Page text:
Buyers, on the other hand, must have a virtual machine package -- aka appliances -- before being able to use the resources from SpotCloud. The packaging of these appliances is based on proprietary desktop and command-line tools from Enomaly. Seeing this as a potential area of concern, Enomaly CTO Reuven Cohen announced plans to open-source these tools in the near future.
An opaque market without SLAs
Enomaly refers to the SpotCloud market as being opaque because the seller's identity is unknown. This is attractive to sellers, like hosting providers, who have excess capacity to peddle at a lower price than they quote to their regular customers. Opaque markets allow sellers to offer lower prices on excess capacity without cannibalizing their primary revenue source.
But an opaque market could concern buyers who need to know where their workload will run or may be concerned about the security of their data within the virtual machine. The issue of location is addressed by SpotCloud's ability to select resources from sellers based on the geographic setting of the physical computing resources. SpotCloud does not directly address security, and prudence suggests caution, especially in the early days of SpotCloud, about the type of data and workload being processed through resources from its marketplace.
Another key consideration is the fact that SpotCloud does not offer SLAs. For many IT organizations, this could be a deal breaker. However, SpotCloud is intended for workloads that can be restarted when a failure occurs or take longer than expected without impacting business-critical processes. If that's not what your business needs, SpotCloud may not be a good fit.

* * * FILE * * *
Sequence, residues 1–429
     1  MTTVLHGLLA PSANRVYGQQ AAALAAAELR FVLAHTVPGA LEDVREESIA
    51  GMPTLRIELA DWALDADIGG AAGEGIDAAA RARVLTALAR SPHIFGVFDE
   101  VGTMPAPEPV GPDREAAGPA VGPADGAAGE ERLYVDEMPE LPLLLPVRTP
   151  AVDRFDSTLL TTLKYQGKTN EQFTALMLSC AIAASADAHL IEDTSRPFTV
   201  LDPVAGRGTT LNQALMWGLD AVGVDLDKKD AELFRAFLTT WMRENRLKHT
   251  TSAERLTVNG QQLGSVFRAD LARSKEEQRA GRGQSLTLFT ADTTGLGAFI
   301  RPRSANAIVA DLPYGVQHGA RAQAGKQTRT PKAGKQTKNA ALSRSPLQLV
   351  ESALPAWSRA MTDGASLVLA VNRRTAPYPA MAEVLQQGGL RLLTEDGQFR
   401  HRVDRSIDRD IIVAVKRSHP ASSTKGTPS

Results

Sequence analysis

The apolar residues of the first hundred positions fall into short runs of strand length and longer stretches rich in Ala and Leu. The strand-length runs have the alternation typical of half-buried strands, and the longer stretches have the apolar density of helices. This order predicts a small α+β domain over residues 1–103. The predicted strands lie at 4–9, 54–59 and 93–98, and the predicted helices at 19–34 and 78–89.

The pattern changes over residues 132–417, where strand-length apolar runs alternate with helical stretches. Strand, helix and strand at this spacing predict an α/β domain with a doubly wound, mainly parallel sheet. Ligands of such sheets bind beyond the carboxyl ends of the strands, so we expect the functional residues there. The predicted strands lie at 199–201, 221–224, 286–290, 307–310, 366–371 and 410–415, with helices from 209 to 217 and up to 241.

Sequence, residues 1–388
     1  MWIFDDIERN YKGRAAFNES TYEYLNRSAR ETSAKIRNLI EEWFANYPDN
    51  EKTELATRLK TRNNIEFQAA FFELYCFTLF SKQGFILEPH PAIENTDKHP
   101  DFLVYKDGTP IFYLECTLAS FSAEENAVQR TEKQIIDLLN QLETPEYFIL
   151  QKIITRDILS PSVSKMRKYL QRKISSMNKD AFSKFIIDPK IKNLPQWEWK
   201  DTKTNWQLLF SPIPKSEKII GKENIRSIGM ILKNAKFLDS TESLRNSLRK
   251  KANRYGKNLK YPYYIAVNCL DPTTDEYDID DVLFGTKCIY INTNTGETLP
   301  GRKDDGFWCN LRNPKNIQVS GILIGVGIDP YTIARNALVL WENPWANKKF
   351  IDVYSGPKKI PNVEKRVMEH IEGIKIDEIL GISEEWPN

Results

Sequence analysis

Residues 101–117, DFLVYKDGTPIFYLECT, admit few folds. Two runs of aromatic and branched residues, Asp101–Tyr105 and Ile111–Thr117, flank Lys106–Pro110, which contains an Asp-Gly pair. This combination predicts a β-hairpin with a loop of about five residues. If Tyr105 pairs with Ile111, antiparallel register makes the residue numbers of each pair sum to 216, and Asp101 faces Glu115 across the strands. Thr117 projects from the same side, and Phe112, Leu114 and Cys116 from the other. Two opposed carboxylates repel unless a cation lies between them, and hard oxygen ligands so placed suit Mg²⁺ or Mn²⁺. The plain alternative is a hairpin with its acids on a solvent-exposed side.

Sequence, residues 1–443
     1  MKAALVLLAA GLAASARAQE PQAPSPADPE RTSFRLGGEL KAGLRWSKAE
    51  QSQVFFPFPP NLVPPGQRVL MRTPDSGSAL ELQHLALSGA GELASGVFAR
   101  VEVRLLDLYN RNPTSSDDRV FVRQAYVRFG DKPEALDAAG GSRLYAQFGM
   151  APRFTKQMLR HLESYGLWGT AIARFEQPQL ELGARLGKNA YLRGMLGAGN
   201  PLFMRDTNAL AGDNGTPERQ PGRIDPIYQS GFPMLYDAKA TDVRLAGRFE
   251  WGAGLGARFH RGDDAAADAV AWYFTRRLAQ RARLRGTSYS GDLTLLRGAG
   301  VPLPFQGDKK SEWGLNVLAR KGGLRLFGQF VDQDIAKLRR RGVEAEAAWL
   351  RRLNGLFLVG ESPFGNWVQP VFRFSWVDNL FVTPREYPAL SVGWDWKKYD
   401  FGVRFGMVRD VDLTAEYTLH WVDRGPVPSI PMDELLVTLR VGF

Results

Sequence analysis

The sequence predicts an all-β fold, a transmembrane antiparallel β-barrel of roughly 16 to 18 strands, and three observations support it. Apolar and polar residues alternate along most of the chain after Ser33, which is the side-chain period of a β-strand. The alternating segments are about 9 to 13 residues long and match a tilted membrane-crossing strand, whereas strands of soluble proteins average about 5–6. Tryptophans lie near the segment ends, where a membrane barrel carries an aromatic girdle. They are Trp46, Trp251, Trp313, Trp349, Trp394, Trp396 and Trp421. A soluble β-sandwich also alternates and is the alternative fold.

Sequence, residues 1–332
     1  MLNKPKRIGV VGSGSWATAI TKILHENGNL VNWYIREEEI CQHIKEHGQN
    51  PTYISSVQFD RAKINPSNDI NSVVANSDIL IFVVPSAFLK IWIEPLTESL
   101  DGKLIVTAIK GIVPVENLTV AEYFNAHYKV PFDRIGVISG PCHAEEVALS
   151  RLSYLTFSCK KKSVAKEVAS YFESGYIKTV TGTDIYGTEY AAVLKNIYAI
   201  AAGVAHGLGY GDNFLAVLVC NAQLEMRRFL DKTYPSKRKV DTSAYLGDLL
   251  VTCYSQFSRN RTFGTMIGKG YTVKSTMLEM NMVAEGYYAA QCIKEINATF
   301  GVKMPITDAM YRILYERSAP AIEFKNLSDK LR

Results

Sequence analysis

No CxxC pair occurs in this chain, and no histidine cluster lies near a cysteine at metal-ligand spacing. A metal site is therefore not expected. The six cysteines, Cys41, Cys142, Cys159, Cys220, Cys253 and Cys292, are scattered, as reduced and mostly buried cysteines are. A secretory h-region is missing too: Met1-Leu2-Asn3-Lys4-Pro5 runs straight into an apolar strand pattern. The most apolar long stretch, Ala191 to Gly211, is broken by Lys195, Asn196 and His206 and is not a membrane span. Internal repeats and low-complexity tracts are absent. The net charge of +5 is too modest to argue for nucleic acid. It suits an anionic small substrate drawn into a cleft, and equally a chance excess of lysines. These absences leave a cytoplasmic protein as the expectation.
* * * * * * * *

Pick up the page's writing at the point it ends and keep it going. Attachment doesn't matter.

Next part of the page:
Could SpotCloud follow in Amazon.com's footsteps?
SpotCloud sounds very much like Amazon.com's initial cloud offerings: not up to par with the needs of a typical IT department. Nonetheless, Amazon has become the leading public cloud provider in the market. IT departments, startups, and others have decided to work within the limits of Amazon Web Services (AWS) to benefit from the lower cost and greater flexibility that AWS offers.
SpotCloud has the potential to follow in Amazon's footsteps based on its lower cost, revenue potential, and greater flexibility. Companies drawn to these benefits will begin using SpotCloud as an element of their IT processes, not as a wholesale replacement of established processes.
Few CIOs can ignore an opportunity for lower costs while also generating revenue for the business -- as long as risks can be managed effectively. I encourage you to track the progress of SpotCloud and consider its use for non-business-critical tasks with limited security concerns. If you're seeking to shift the view of IT being a cost center, consider offering excess computing resources to the SpotCloud marketplace.
This article, "Lowering your IT costs by using others' excess capacity," was originally published at InfoWorld.com. Read more of Savio Rodrigues' Open Sources blog and follow the latest developments in open source at InfoWorld.com. For the latest business technology news, follow InfoWorld.com on Twitter.